Strangers to Us All Lawyers and Poetry

Sandford Cull Cox


Sandford Cox was born on July 1, 1811, near Richmond, Indiana, and in 1824 moved to Montgomery Country with his parents. Soon after his arrival in Montgomery County, the young Fox was injuried by a falling tree his brother and sister were cutting down, and his leg had to be amputated.

In later years, Cox was elected Tippecanoe County recorder and served in that position for some 22 years. He went on to become a lawyer and a businessman.

He was married and had seven children. Five of his sons founded the Lafayette Evening Call. Arthur Shumaker, in his A History of Indiana Literature, notes that Cox was "an abolitionist and worker on the underground railroad"; he was "a public speaker and wit," and a newspaper editor. He died on October 4, 1877.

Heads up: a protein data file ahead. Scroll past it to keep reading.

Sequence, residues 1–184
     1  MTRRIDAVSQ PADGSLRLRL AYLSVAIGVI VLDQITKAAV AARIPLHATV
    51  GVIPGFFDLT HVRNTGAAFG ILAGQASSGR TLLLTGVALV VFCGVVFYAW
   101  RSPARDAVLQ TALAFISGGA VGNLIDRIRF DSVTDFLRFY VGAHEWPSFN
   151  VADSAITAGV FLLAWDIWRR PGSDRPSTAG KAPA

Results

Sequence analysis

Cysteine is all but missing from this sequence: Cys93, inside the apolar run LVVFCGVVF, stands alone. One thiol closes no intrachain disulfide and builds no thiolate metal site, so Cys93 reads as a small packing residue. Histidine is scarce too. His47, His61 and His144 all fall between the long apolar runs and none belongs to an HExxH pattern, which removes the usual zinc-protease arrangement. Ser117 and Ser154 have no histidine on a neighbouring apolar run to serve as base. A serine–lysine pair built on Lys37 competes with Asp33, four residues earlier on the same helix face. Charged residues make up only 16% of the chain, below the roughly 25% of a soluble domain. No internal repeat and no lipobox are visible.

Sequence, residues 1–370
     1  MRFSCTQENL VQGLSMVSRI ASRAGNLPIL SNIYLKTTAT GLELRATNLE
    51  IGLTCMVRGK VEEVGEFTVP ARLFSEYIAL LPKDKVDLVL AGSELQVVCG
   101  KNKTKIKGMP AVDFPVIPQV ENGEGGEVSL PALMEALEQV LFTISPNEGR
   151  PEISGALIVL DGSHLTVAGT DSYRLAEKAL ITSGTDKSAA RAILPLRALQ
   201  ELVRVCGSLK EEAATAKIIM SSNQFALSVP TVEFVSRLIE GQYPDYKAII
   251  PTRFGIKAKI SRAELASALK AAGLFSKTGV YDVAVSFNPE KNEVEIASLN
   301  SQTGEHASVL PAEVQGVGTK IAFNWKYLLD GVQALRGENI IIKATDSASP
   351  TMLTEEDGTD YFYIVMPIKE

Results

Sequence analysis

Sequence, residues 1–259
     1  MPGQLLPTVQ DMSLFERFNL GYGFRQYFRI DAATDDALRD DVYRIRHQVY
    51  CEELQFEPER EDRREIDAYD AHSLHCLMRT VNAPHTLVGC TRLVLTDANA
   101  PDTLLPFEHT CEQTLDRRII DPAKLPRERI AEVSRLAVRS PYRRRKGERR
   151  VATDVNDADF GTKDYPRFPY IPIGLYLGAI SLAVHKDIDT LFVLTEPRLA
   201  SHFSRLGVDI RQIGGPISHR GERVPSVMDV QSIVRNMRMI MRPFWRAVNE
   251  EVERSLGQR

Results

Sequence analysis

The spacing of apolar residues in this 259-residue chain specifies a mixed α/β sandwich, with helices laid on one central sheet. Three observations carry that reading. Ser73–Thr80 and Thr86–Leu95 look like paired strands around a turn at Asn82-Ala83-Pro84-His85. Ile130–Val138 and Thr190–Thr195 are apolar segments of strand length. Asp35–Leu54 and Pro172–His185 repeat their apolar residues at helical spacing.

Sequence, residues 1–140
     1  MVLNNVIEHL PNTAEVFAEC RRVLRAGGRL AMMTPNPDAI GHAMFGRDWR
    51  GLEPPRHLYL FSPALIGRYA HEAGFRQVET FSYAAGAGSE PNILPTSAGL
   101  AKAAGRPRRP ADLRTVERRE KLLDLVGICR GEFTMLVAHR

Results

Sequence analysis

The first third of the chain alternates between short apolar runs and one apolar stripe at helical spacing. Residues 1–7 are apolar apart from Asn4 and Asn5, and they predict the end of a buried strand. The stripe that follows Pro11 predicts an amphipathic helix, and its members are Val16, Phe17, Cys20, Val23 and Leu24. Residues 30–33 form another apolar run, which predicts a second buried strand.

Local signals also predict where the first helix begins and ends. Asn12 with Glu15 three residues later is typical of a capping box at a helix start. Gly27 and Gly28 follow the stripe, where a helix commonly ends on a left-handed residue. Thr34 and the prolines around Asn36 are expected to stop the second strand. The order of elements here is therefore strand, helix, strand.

[Source: Arthur W. Shumaker, A History of Indiana Literature 142-145 ([Indianapolis]: Indiana Historical Society, 1962)]


Sandford C. Cox, The Evangelist and Other Poems (Cincinnati: The author, R.P. Thompson, 1867)


Sandford C. Cox, Recollections of the Early Settlement of the Wabash Valley (Lafayette, [Indiana]: Courier Steam Book and Job Print. House, 1860)(Freeport, New York: Books for Libraries Press, 1970)(Hoosier Heritage Press, 1970)(Chasha, Minnesota: Buckskin Press, 1972)([Lafayette, Indiana]: Tippecanoe County Historical Association, 1970)(Tippecanoe County Historical Association, 1987)